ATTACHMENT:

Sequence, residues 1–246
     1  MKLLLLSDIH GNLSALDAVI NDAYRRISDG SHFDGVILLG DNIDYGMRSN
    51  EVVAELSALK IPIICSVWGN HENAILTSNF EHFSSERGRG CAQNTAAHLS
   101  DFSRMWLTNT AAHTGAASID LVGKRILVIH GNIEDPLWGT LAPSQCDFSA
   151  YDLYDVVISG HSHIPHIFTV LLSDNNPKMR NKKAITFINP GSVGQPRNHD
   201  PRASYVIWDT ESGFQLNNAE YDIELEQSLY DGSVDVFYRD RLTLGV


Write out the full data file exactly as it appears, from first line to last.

Sequence, residues 1–246
     1  MKLLLLSDIH GNLSALDAVI NDAYRRISDG SHFDGVILLG DNIDYGMRSN
    51  EVVAELSALK IPIICSVWGN HENAILTSNF EHFSSERGRG CAQNTAAHLS
   101  DFSRMWLTNT AAHTGAASID LVGKRILVIH GNIEDPLWGT LAPSQCDFSA
   151  YDLYDVVISG HSHIPHIFTV LLSDNNPKMR NKKAITFINP GSVGQPRNHD
   201  PRASYVIWDT ESGFQLNNAE YDIELEQSLY DGSVDVFYRD RLTLGV